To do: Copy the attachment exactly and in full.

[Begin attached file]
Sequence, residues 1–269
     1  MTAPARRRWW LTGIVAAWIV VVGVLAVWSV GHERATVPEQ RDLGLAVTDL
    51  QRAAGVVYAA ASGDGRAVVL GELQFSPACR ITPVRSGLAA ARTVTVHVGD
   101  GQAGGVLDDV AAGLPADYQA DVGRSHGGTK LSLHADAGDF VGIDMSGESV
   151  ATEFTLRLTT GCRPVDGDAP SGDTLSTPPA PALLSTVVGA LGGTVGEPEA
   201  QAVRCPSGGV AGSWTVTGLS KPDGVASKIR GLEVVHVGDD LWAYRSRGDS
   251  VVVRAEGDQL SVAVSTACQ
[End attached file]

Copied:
Sequence, residues 1–269
     1  MTAPARRRWW LTGIVAAWIV VVGVLAVWSV GHERATVPEQ RDLGLAVTDL
    51  QRAAGVVYAA ASGDGRAVVL GELQFSPACR ITPVRSGLAA ARTVTVHVGD
   101  GQAGGVLDDV AAGLPADYQA DVGRSHGGTK LSLHADAGDF VGIDMSGESV
   151  ATEFTLRLTT GCRPVDGDAP SGDTLSTPPA PALLSTVVGA LGGTVGEPEA
   201  QAVRCPSGGV AGSWTVTGLS KPDGVASKIR GLEVVHVGDD LWAYRSRGDS
   251  VVVRAEGDQL SVAVSTACQ